5 Mexican New Year Traditions You Didn’t Know

Every time a year ends, we reflect about it, get all nostalgic about the year that’s gone, and at the same time we get excited about the year that will begin. 

5 Mexican NEW YEAR'S EVE TRADITIONS (Did YOU Know These?)

It doesn’t matter how unique… this year has been. We can always say goodbye to it in style… and since we’re doing that, let’s do it the best way possible, I mean, ¡¡A LA MEXICANA!!

In this blog post, I’ll share 5 Mexican New Year traditions to welcome the New Year!

Mexican New Year Traditions on New Year’s Eve in Mexico

First, let me tell you a little bit about how we celebrate New Year’s Eve in Mexico. 

Whereas on Christmas we spend the whole of Christmas Eve having dinner together as a family, things can be a bit more relaxed on New Year’s Eve. So, a lot of Mexicans will have dinner at home with their families and then go someplace to party with their friends. Well, except this year, of course…

Many families, like mine, have dinner AND a party at home. We get together at around 9 pm on New Year’s Eve, always at my mom’s place. She makes this gigantic pot of pozole, the most delicious dish in the world. 

There’s plenty of booze, piñatas, dancing, singing, more eating, firecrackers, drinking contests, more eating. It’s just a great, great party!!! 

Top 5 Mexican New Year’s Customs

Here are the top 5 Mexican customs to welcome the New Year.

1. Wearing new underwear

Spanish has a specific word for wearing clothes for the first time: “estrenar”.

There’s no equivalent in English… that I can think of. The verb estrenar means to wear something for the first time.

La ropa interior (underwear) that we have to estrenar en la Noche Vieja (wear for the first time on New Year’s Eve; literally, The Old Night) is supposed to be roja (red) if you want el año nuevo to bring you love, or amarilla (yellow) representing gold if you want money… I am doing a combo!!! 

2. Eating 12 grapes at midnight

Cada uva (each grape) represents a resolution and you’re supposed to eat them right at midnight. 

Some people say you have to comer las uvas (eat the grapes) within the first 12 seconds of the year!! ¡¡¡Imagínate!!! (Imagine!!) 12 grapes in 12 seconds… Seems like we’re trying to start el año nuevo en la sala de emergencias (the New Year in the ER).   

3. Running to the street with suitcases

El objetivo de esta superstición (the purpose of this superstition) is to make sure that the new year brings lots of travelling! Esta superstición (this superstition) can also be found in other Latin American countries.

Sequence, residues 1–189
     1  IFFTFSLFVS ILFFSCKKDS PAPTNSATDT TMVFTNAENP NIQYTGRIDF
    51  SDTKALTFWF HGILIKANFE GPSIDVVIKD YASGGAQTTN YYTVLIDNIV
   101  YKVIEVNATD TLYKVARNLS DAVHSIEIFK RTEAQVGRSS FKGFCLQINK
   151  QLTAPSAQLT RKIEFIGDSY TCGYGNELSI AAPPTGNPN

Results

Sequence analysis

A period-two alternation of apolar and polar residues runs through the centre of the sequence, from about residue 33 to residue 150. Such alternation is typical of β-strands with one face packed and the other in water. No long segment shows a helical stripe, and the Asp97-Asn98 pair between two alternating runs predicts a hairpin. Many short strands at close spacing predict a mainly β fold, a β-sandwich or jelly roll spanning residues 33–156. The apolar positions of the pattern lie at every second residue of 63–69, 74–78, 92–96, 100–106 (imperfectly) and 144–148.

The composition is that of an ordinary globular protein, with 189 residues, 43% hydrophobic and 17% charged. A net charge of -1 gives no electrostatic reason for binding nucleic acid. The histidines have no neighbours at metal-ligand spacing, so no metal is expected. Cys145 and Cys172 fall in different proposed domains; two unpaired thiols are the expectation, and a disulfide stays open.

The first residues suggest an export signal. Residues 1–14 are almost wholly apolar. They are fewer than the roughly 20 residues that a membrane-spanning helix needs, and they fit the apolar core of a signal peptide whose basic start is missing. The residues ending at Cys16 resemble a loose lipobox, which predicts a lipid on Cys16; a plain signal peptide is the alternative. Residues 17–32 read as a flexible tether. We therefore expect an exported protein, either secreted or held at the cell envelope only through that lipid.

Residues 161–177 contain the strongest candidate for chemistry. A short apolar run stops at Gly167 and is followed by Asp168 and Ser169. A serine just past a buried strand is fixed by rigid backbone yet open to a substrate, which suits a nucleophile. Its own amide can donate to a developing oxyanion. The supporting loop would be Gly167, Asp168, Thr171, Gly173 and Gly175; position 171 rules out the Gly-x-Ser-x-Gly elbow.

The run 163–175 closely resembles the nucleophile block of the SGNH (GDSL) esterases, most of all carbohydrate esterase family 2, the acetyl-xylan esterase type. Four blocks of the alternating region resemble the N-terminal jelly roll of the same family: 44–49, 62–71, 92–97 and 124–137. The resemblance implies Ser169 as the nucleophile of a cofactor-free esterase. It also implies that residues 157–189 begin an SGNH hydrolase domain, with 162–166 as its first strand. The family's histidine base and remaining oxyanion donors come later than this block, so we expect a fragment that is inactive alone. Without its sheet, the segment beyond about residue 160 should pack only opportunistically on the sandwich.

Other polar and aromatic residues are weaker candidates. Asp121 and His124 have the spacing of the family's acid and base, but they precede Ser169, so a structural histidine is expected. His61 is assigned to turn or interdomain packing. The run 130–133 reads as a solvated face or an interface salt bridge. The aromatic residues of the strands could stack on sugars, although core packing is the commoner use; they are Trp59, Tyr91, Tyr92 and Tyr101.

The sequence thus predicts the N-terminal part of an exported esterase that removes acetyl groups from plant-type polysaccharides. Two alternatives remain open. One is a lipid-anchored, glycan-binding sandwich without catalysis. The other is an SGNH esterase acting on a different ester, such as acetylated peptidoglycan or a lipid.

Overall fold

4. Fireworks and burning the Old Year

This is particularly popular in the south of Mexico. People make some sort of doll or dummy, with fabric and paper, and they put some firecrackers inside. This dummy represents el Año Viejo (the Old Year). We set the dummy on fire right after midnight!! 

Firecrackers are not limited to the ones inside the dummy. Lots of people —and children most of all— spend a good amount of time on the streets tronando cuetes (lighting up firecrackers)… Is it the safest thing to do? No! Is it fair for the poor dogs that spend all night stressed about the noise of firecrackers? ¡¡Absolutamente no!!

5. El recalentado – Eating the leftovers

El primer día del año (the first day of the year) is a national holiday and it’s quite common to spend it with one’s family. At home, everyone is welcome to come over on January 1st to have the leftovers from the night before. 

mexican new year traditions

El recalentado literally means “the reheated one”, but rather than simply referring to the leftovers of the dish that was eaten the previous night, el recalentado is a whole experience.

We get together to hang out, watch movies, have coffee, have leftovers that of course taste better than the night before, talk about the embarrassing things that Auntie Marie did when she was drunk last night… 

Often, el recalentado becomes a party on its own, but a bit more moderate, since we’re all tired and hungover.

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¡Muy bien! Now you know 5 ways to welcome the New Year a la Mexicana!!! Next time a Mexican asks you to come to their New Year’s party or to el recalentado, you’ll know exactly what to expect and what to do!!! 

To make sure your Spanish skills are up to the level to really enjoy a party surrounded by Spanish speakers, sign up to the Free Chunking Training that we’ve put together to show you how you can apply our method called Conversation Based Chunking —which I secretly use in my videos and helps you to speak Spanish without having to think about grammar all the time— to ease your way into fluency en español

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